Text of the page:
Walking by myself in the historical center of Munich, I began to notice the increased frequency of yellow t-shirts around me. I gazed at them, wanting to say something with my eyes: “I too am Brazilian! And I am actually on my way to watch the soccer game too!” Whatever invisible line connected us at that moment, as those who share the same origin and the same exile, wasn’t readily noticed, but it still made me look at them with more affection, as if they weren’t strangers as the rest of tourists and Münchner walking by on that afternoon through Marienplatz.
Arriving at the tram station, I found two other Brazilian friends from my Sprachschule, who were also going to the same Brazilian Biergarten to watch the game. We weren’t very close to one another, but the time spent on that tram, which changed its typical route and was taking longer than it should, made it seem to me that some intimacy was already presupposed, given to us, and not formed by time. In complaining about the change of route, in wanting so much to arrive in time for the game and, specially, once arriving in that sea of yellow t-shirts, typical food, and loud laughter so characteristic of my Heimatland, I felt… What exactly did I feel? Perhaps I felt that I would always be Brazilian, even if my whole life was spent abroad, or perhaps that there was something beautiful about that easiness and light intimacy shared by all who were raised in Brazil. These ideas came to my mind with some surprise: did I even like soccer after all, as most of my friends at home did? At that moment, raising from my seat at each possibility of gol and laughing at the jokes about “Menino Ney,” I think I really did.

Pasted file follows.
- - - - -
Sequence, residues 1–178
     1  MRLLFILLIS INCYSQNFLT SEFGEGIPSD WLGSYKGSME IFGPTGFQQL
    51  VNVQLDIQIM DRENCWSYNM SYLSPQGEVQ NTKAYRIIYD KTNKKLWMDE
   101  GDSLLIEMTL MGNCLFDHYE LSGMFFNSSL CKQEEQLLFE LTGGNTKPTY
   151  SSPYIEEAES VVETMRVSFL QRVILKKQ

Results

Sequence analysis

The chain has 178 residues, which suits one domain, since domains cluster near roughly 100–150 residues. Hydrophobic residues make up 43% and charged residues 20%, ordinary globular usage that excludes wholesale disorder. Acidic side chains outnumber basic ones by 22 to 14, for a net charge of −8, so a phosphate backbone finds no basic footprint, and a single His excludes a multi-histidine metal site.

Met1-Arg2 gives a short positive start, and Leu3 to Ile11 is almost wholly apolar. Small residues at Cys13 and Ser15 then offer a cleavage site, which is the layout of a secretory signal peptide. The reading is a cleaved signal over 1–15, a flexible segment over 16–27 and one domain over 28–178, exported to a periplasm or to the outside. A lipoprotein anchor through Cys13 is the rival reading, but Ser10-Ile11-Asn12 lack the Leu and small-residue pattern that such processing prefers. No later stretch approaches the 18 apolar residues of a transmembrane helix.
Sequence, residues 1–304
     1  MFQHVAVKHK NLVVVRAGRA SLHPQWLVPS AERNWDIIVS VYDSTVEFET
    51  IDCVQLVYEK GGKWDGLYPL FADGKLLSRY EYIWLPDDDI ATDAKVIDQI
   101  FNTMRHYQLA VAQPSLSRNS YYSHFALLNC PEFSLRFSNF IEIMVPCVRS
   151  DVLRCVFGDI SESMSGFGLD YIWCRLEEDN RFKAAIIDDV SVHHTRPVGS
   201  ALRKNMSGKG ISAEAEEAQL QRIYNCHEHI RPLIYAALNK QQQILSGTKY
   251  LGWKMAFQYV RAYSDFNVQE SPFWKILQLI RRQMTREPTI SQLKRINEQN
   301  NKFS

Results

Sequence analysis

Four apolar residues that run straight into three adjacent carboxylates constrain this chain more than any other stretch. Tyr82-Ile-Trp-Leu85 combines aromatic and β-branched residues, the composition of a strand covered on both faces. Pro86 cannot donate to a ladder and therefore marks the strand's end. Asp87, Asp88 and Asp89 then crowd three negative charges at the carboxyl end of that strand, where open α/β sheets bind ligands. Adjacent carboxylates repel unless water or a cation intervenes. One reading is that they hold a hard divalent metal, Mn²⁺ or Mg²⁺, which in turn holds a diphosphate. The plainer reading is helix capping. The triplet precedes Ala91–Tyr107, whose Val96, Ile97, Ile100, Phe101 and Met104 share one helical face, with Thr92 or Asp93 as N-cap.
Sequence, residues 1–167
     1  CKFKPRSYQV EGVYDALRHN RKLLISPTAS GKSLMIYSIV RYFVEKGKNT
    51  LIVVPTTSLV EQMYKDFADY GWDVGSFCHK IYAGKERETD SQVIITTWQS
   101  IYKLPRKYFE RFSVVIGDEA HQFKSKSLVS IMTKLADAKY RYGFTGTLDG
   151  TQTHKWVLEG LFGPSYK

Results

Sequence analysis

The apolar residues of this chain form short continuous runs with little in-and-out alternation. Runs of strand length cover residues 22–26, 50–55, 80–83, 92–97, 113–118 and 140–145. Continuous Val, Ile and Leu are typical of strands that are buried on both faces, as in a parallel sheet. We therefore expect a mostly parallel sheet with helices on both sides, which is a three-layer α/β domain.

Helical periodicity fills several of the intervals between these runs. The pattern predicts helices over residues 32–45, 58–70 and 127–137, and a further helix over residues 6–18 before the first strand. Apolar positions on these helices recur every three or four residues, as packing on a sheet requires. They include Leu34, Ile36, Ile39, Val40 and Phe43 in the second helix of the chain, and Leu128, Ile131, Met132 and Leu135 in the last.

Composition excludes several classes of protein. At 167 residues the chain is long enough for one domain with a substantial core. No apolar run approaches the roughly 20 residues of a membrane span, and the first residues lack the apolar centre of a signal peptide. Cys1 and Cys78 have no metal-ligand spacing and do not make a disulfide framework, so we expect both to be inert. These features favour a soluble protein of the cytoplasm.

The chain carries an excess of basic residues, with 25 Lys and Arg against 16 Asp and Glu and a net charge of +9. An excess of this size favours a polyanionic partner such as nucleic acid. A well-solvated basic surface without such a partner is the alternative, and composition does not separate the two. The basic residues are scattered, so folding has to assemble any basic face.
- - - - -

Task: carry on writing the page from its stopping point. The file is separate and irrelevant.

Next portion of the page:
And, then, something happened: my Brazilian friends started calling me “a americana” and referring to me whenever any comment about the U.S. was made. They certainly did not deny me any share in that little Brazilian community, but a new dimension was added which contained in itself both their impressions about the U.S. and their impressions about Brazil. How could I express it all in words? The broken history of Brazil, its interrupted democracy, its culture, often drifted by external influences and injured by corruption… All that was present in that afternoon. At that victorious game, though we were celebrating our country, how wouldn’t we notice that we were still out of it! Gazing at the United States, at the stability of its history, at its leading position in the world, and perhaps also at the positions taken by its leader, there was certainly some resentment in their voices as they called me “americana.” It was something subtle and didn’t take away the affection and union that made me leave the Biergarten with warmed heart, but it did make me reflect on the eyes with which the United States is seen, and made me realize (also with joy) that the U.S. was somehow and increasingly becoming my own. In the end, brasileira e americana, (perhaps with the heart a bit in Germany too after these dreamful five weeks), I left the Biergarten thinking about the beauty of these temporary homes given to us in our exile in this world.